Hourly Water Level Prediction using Artificial Neural networks in Wetlands of Baldwin County, AL

- Indicates paper has been withdrawn from meeting
- Indicates an Award Winner
Monday, 3 February 2014: 1:30 PM
Room C204 (The Georgia World Congress Center )
Mehdi Rezaeianzadeh, Auburn University, Auburn, AL; and L. Kalin, C. J. Anderson, and W. F. Barksdale

Coastal wetlands are among the most important ecosystems in terms of services they provide (e.g., water quality improvement, water storage, habitat), but they are also among the most vulnerable. The most pressing issue leading to the loss of functional wetlands is increasing urban growth along the coast. In Alabama, headwater-slope wetlands are predominantly forested wetlands at the headwaters of creeks in the coastal plain. They tend to occur on relatively flat terrain where gradual slopes move water slowly through them as shallow groundwater discharge. They are potentially critical components to the landscape because they occur at the interface of uplands and coastal creeks. As a result, these wetlands intercept draining waters and improve water quality before reaching local bay and oceanic waters. To assess the impact of land use/cover on the functioning of headwater-slope wetlands and their associated functions, ground water levels in 15 headwater-slope wetlands in Baldwin County, AL were monitored over a two year period. However, due to various reasons each site has periods of missing data, varying from one to several months. In order to have a better understanding of the hydrology in these wetlands and relate them to the land use/cover conditions of their watersheds, we had to fill the data gaps. Thus, we developed an artificial neural network (ANN) based model to predict the groundwater levels in these wetlands. We picked 3 wetland sites to test the developed model. Spearman's rank correlation was used to find appropriate input vectors for training and testing phases of the ANN model. The most effective input for all the stations was water level data from the nearest stations and antecedent precipitation. A comparison of results from all stations declared that ANN trained with scaled conjugate gradient (scg) algorithm encompassed by two nearest stations and antecedent precipitation values with two (hourly) lags outperformed other training algorithms and input combinations. For the three sites, R2 and RMSE values at the validation phase ranged between 0.85 to 0.98 and 4.3 to 3.0 cm, respectively. Results also showed that finding the optimal training and testing datasets has a considerable effect on developing a satisfactory model for data mining problem at an hourly time scale.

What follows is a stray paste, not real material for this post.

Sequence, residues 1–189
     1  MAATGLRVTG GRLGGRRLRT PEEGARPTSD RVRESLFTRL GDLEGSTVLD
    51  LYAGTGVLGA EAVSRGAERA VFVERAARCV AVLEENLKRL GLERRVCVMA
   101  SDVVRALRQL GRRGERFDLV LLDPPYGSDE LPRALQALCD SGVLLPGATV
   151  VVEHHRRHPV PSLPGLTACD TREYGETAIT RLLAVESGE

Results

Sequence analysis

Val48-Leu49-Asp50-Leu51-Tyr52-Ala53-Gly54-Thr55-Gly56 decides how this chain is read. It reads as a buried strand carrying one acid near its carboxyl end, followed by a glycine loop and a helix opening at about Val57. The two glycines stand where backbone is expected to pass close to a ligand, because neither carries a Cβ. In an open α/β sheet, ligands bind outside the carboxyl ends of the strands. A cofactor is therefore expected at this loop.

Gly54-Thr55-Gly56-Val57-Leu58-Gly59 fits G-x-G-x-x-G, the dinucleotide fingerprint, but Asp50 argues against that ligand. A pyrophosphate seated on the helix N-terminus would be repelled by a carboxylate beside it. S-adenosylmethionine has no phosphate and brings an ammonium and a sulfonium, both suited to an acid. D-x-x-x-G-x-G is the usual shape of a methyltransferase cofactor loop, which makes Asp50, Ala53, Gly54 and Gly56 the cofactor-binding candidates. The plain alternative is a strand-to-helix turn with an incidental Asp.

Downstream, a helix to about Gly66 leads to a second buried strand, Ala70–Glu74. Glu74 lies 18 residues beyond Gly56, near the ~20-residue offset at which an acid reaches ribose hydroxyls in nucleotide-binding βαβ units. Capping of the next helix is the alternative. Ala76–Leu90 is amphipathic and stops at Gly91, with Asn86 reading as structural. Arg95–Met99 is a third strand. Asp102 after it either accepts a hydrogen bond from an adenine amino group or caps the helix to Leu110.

Keywords: Ground water level, Wetlands, ANNs, Spearman's rank correlation